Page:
Game: WSOP ME 2013
Players: JC Tran, Matt Reed, Carlos Mortensen
Why Is It Interesting?:
Preflop: The commentator says “the min-raise brought JC in with the weak, suited Ace”. I don’t think this is true, I think Mortensen’s call of the min-raise brought JC in with the weak, suited Ace.
Anyone have any idea what his plan was, limping with AJ from that position? It’s not a play I can make work, and given the credentials the commentator lists about Mortensen, I have to assume I’m the one who doesn’t get something.
Flop: Look at Reed on the flop; isn’t it obvious that he hates his life but has a flush draw? Look at how his face scrunches up, but he has a hopeful head-tilt, like a child who has to do his homework to get an ice-cream. Stuff to notice if you don’t have top two pair, I suppose.
Why does the flop play out the way it does? How does the flop play out the way it does? I understand Reed’s call, although I prefer a raise. However, Chan’s bet does look like a value bet.
Again, Mortensen has confused me. He looks back at his cards, as if to check for a diamond. Why does he call? I think Reed’s call of Chan’s flop bet looks strong, and I cannot see how Mortensen thinks a call plays well against the range of hands Reed would call Chan’s valuey looking bet with, even if he thinks he’s got Chan’s value range crushed (not sure how he’d think that!).
I think Mortensen should have been out here? Am I mad? Even a raise would have been better than a call, at least it’s trying something against the only hands he should be involved with anyway!
Turn: Ha! Check Reed out, he may as well have stood up and shouted “oh for fuck’s sake I never hit a flush on the damn turn!”.
Chan was always betting this turn, wasn’t he? If he was bluffing on the flop, he’d be having another go on the turn. Reed has to fold, firstly, it’s getting expensive and unlikely, secondly, he’s got Mortensen wafting about in the pot behind him. What can the guy do? He has no option. His only time to fight was on the flop, and he had Mortensen in the way then too.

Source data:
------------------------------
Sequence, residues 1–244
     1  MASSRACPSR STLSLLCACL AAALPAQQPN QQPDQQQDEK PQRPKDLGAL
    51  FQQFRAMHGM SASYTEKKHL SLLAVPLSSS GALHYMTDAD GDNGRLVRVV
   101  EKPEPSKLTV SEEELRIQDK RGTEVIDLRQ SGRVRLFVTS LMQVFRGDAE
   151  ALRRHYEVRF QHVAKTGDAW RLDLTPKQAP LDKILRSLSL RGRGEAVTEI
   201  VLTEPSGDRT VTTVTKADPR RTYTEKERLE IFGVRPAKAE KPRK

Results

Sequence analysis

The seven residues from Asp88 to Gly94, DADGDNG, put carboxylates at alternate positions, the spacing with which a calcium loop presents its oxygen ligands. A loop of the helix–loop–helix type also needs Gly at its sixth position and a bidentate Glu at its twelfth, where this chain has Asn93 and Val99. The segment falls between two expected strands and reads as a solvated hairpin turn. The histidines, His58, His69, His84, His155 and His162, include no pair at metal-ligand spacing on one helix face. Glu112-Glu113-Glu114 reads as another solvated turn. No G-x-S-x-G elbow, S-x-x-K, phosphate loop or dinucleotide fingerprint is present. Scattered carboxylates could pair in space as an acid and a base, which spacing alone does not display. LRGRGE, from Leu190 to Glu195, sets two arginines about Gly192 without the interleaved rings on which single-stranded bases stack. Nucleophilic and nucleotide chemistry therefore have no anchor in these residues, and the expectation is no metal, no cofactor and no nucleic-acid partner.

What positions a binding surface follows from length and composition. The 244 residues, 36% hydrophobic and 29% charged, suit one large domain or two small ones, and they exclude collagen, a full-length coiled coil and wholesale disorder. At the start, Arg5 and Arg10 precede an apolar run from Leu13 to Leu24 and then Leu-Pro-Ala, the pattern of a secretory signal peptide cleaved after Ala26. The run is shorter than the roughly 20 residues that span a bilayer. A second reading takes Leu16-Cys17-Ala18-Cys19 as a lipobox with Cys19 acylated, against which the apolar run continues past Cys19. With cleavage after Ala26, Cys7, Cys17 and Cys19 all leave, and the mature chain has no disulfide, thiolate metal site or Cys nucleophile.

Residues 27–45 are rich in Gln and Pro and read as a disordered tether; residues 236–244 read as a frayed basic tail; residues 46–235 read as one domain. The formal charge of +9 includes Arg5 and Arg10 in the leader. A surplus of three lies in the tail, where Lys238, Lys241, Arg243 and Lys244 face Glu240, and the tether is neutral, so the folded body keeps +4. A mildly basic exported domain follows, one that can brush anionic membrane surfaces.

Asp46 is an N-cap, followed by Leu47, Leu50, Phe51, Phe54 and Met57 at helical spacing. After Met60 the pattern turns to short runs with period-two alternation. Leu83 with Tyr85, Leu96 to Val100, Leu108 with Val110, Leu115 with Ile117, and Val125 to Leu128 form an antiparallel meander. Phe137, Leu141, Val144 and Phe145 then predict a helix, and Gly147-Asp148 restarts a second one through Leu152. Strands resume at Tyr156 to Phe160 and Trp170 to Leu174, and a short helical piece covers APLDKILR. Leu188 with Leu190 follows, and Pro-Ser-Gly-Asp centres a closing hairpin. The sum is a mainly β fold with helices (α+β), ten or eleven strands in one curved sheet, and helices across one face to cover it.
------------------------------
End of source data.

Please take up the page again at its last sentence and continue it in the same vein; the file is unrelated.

Then Mortensen folds and I’m even more confused. Was his entire line in that pot a tournament-meta-move to just get in the way of a guy with a big hand, mess up his pot and stop him becoming a monster stack? I have no clue. Anyone who can enlighten me as to Mortensen’s thinking will save me some sleep hours.
After The Action:
The commentator implies that he thinks the flop play was weird with his final comment: “Everybody did the right thing on the turn, I guess.”
In the “pro-analysis” at the end, Estfandiari and Laak totally lick Reed’s balls about how great a fold it was, how super-disciplined, but I think the fold on the turn was a no-brainer. Reed was never getting paid if he made the flush, and Tran made it expensive enough for it to be a mistake for Reed to call.
Neither Laak nor Estfandiari address how the pot got to where it did, and that’s what I want to know about/understand.
In retrospect, I think Reed should have raised the flop, the call on the flop meant that he had nowhere to go if he didn’t make his flush, and was unlikely to get paid if he did. If he raises he folds out a lot of hands that Chan might value bet on the flop. Of course the turn fold was a good fold, but, by then, it was also the only option.
At the end of the hand, Reed articulates, more to himself than anything, “I think I played that badly.” I agree, but I don’t really know why, given the annoyance that was Mortensen in this hand, I’m really not sure what else Reed could have done here.
Sometimes it’s easy to watch videos like this and attempt to directly apply what I see to my own game. It’s worth being careful of structures and stack sizes though; the one day live games and on-line turbo structures that I play don’t allow for me to play massive pots, lose and carry on with 500 big blinds.
If you’re laying down KK on an A-high board with 80% of your stack in the pot already, you’re making a bad fold; if Reed had only had 1million chips left, he’d have called Tran’s turn bet.
If you’re paying a £3 reg fee, they’re not gonna give you enough chips to play beautifully nuanced poker for four days, keep that in mind.
Loved the poetic irony of Chan wearing a hat with Kings written on it during this hand, LMAO.